The Cooperstown Hawkeyes will not play baseball at Doubleday Field during the 2014 Perfect Game Collegiate Baseball League season – or anywhere else, for that matter.
On Oct. 30, PGCBL President Jeff Kunion confirmed that Hawkeyes owner Tom Hickey is looking move his summer franchise from Doubleday Field and has requested a voluntary suspension for the 2014 season as a result.
“They are going to take a year off,” said Kunion, adding that Hickey’s request was officially granted during a Wednesday night conference call involving PGCBL members. “Their negotiations with Doubleday Field reached an impasse, so they’re looking for another facility.”
Kunion said the PGCBL offers the option of voluntary suspensions to owners who may be struggling to sustain a franchise in a particular area.
Hickey said Thursday he’s involved in negotiations to build a new baseball complex in the vicinity of Cooperstown.
“I can’t tell you unequivocally we’ll have it up and running (for the 2015 season), but we’ll be on the road to doing that, if all goes well,” Hickey said. “I can’t be 100 percent, but it looks good.”
Cooperstown Mayor Jeff Katz said he was sorry to see the Hawkeyes leave, but he said he felt like it became clear that Hickey was moving in that direction since this summer when he began publicly speaking about his dissatisfaction with Doubleday Field, the village and the village’s officials.
“Every year the Board of Trustees approved the contract,” Katz said. “Clearly there was some benefit to having them here in Cooperstown.
“Tom was clearly unhappy with the village and the field,” he continued. “Doubleday Field is still Doubleday Field. It hasn’t changed since he came here. Doubleday Field is no better or worse than when the Hawkeyes started playing here.”
Hickey said he was given assurances that improvements would be made to Doubleday Field when he moved the team there in 2010.
Katz said Hickey gave the village a “take it or leave it offer” to keep the Hawkeyes in Cooperstown. The offer was a flat fee of $1,000 for rentals for 20 to 25 games in 2014, a certification from the state Department of Health that Doubleday Field is safe, sanitary and free from all illegal drugs and drug paraphernalia, and an agreement that the village suspend paid parking at Doubleday Field after 4 p.m. on days of Hawkeyes games.
Hickey said the reason for the stipulation about illegal drugs and drug paraphernalia came because of the way he said Doubleday was left following a mid-July concert by Further, a Grateful Dead legacy band.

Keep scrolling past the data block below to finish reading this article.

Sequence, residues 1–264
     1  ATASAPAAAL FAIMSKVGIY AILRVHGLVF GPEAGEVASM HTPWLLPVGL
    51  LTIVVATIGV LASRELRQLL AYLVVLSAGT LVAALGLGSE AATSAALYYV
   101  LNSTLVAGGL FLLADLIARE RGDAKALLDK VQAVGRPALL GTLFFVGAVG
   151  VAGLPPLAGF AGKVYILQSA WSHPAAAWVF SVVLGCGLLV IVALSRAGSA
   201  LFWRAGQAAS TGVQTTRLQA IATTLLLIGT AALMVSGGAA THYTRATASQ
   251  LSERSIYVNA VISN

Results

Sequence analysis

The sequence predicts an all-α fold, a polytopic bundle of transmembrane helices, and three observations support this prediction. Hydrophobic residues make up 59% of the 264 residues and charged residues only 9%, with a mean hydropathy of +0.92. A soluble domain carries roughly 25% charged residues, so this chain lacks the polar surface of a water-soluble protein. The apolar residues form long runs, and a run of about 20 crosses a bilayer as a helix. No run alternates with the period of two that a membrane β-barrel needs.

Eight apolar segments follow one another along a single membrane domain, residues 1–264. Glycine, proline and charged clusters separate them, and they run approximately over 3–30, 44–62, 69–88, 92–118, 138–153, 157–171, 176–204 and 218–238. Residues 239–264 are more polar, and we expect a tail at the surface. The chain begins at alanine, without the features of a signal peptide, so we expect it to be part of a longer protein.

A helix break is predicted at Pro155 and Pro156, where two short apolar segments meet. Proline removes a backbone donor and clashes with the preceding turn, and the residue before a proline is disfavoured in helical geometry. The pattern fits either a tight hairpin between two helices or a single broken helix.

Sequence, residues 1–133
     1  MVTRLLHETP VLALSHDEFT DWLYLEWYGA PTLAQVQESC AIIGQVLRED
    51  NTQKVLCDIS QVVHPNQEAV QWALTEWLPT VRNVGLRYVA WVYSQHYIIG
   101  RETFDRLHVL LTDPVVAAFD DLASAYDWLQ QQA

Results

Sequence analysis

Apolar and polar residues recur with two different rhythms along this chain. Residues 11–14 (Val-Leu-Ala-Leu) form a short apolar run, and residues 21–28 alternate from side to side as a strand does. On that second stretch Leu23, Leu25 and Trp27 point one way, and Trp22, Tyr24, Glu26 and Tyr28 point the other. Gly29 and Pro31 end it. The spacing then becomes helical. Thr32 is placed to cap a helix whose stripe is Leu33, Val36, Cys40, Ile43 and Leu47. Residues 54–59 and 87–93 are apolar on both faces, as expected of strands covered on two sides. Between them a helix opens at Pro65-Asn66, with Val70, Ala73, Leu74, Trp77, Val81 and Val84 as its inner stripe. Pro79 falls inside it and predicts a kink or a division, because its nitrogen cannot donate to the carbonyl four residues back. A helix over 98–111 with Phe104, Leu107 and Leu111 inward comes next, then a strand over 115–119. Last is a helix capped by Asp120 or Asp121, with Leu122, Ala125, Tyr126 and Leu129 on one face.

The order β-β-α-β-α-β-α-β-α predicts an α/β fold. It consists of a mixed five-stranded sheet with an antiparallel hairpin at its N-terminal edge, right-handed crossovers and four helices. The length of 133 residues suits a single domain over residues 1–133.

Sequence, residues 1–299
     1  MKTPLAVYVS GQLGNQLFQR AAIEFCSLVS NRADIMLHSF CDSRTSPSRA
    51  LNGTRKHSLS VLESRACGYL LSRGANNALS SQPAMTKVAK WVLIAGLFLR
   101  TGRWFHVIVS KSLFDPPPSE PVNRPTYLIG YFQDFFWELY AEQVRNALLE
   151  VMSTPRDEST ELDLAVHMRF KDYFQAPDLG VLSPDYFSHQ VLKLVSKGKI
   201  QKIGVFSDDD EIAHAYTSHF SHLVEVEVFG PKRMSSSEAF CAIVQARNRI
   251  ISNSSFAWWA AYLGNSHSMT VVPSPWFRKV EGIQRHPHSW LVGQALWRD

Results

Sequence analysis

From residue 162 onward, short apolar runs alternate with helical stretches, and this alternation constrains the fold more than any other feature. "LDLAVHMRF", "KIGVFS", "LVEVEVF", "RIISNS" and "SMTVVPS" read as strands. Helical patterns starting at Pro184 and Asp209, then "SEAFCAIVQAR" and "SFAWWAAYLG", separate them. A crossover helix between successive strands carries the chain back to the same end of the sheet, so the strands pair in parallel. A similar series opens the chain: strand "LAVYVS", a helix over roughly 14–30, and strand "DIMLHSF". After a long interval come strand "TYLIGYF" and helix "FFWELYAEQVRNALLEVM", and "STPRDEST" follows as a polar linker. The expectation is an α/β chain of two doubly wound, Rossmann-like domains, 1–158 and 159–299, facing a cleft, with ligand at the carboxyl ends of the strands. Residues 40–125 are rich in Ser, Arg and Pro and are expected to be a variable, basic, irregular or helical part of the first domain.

Rentals for Doubleday Field are $500 per game Friday through Sunday and $400 per game Monday through Thursday. Under Hickey’s proposal, the Hawkeyes would have paid $40 to $50 per game.
“The reality is those bookings are going to happen anyway, especially the ones on Friday through Sunday,” Katz said.
In August, Hickey told The Daily Star that he was considering a “serious offer” to move the Hawkeyes to another upstate New York municipality. Hickey went on to say Doubleday Field is inadequate for a PGCBL franchise, citing its lack of lights, clubhouses, showers and office space.
Hickey also said in August that paid parking in Cooperstown and a rent increase to use the field led to a loss of fans and revenue during the 2013 season, when the Hawkeyes went 18-25 to finish last in the five-team East Division.
“Other teams pay for facilities with lighting, concession stands and locker rooms and they pay a third, or less than a third, of what it costs to operate Doubleday Field,” Hickey said. “The village under Mr. Katz is completely disinterested in negotiating anything reasonable.”
In 2013, the Hawkeyes paid $10,000 to rent the field for 23 scheduled games. The $10,000 rental fee was slightly more than the per-day rental average. However, the Hawkeyes also had the right to sell banner advertising for the field grandstands, and food and beer at the games. None of those sales are granted to groups that do day rentals. In 2012 and 2011, the Hawkeyes paid $8,000 to rent the field, and in 2010, they paid $10,000.
Kunion said the Hawkeyes’ suspension leaves the PGCBL with nine teams for the 2014 season, but other franchises have expressed interest in joining the league. He added the PGCBL will hold another conference call this week to discuss possible franchise additions.
“He’s a good owner and this was an opportunity for him to step back,” Kunion said of Hickey, whose team drew 599 fans per home game last season, which was up from 2011 and 2012. “What he’s done in Cooperstown has been exceptional considering what he’s had to work with.”
Kunion also said Hickey will be required to pay league dues during the suspension and should the Hawkeyes fail to find a new home for the 2015 season, they will be asked to leave the league, as per PGCBL rules.
“We are going to make every effort to (return to the PGCBL by 2015),” Hickey said, adding that PGCBL rules do not specify that a suspended team must leave the league if it doesn’t field a team the year after a suspension.
“That would come down to a vote by the board of directors,” Hickey said.
Daily Star Sports Editor Dean Russin, and staff writers Rob Centorani and Greg Klein compiled this report.